House Majority Leader Eric Cantor said he didn't support allowing states to seek bankruptcy protection and ruled out any federal bailouts of state governments.
"There will not be a federal bailout of the states," he said at a news conference Monday.
Rep. Cantor, (R., Va.), is the latest Washington official to take a dim view of further fiscal aid to state governments.
On Jan. 7, Federal Reserve Chairman Ben Bernanke ruled out a central-bank bailout of state and local governments straining under municipal debt burdens, saying the Fed had limited legal authority to help and little will to use that authority.
Mr. Cantor, the number-two House Republican, said states had the tools to deal with their fiscal challenges, including renegotiating agreements with public-sector unions, so there was no reason for federal involvement in their fiscal problems.
Great. So states that need help aren't going to get it. What a great way to sabotage an economy that is mending. I have another idea: let's not raise the debt ceiling and see what happens in world bond markets -- oh, they're already considering that move.
Here's the deal: like it or not, government spending is part of the economy and government employees perform useful tasks that help us all be more productive. For example, do you like that street you drove in on? I know I do --it helps me get to appointments. And how about that employee you just hired who can read and write? Pretty convenient, isn't it? Or how about the fact that no one broke into your house last night because the police were around to stop them? Kind of a nice feeling, isn't it? I have an idea -- let's start to gut those services, because we really don't need them. The result is called anarchy, a politically unwise decision to make.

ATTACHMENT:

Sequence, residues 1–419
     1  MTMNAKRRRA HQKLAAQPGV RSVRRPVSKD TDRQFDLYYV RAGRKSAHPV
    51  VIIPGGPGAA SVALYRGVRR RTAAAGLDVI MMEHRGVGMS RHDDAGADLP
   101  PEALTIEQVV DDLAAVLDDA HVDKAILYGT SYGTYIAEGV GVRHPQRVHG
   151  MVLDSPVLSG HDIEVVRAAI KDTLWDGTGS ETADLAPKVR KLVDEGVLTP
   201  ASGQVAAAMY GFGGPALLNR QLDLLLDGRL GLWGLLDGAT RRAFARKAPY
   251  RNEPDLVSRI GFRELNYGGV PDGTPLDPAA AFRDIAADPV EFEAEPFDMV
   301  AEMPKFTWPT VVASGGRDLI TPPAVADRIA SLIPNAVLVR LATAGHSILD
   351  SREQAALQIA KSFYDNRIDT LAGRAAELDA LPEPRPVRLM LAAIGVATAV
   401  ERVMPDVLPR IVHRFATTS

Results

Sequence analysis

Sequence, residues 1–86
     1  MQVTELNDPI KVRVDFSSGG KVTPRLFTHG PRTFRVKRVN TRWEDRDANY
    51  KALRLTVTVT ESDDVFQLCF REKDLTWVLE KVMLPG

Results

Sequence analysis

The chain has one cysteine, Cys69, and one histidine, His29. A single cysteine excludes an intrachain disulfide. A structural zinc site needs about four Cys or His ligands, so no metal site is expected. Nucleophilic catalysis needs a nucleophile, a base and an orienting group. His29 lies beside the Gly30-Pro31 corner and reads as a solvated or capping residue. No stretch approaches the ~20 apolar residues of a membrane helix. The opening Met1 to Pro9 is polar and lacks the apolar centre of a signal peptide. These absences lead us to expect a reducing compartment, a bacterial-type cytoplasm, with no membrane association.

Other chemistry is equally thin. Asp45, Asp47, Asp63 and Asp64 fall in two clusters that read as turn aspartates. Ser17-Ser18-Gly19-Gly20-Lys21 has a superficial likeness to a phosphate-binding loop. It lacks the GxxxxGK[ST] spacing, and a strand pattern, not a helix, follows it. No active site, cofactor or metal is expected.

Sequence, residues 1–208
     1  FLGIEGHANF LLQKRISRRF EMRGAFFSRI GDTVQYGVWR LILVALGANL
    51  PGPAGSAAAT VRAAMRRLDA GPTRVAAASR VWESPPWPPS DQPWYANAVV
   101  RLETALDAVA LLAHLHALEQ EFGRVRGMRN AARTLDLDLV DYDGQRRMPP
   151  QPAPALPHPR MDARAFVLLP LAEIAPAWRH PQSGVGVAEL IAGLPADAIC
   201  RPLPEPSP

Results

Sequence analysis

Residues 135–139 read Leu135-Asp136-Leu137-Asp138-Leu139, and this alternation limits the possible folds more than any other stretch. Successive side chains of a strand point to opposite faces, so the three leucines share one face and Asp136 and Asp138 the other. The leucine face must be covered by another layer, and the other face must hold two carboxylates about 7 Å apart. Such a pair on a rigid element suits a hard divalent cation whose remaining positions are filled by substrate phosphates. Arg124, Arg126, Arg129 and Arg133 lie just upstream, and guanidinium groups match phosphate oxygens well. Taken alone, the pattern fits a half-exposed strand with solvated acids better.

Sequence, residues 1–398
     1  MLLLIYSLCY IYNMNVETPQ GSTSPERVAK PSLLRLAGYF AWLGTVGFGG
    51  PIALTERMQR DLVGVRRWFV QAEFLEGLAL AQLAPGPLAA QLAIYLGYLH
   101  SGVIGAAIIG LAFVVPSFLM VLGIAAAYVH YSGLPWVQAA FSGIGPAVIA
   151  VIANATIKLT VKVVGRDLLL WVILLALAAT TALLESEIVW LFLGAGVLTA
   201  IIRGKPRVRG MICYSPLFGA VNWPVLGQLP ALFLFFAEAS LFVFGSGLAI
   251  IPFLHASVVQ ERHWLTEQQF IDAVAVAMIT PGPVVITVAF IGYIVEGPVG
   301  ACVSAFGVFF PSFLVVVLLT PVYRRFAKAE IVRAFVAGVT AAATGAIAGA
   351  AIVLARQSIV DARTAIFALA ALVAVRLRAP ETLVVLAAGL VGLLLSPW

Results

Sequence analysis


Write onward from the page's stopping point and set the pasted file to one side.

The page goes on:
Also -- have you noticed that no one is talking about tax increases? It's always spending that has to be cut. At this point, I return to what is becoming a central theme: the U.S. costs money to run -- and it's not going to run itself. If you benefit from that (and we all do, so it's a moot question) deal with the fact that you pay for what you get.
Cantor's statement is shortsighted, myopic and downright stupid and uninformed. Period.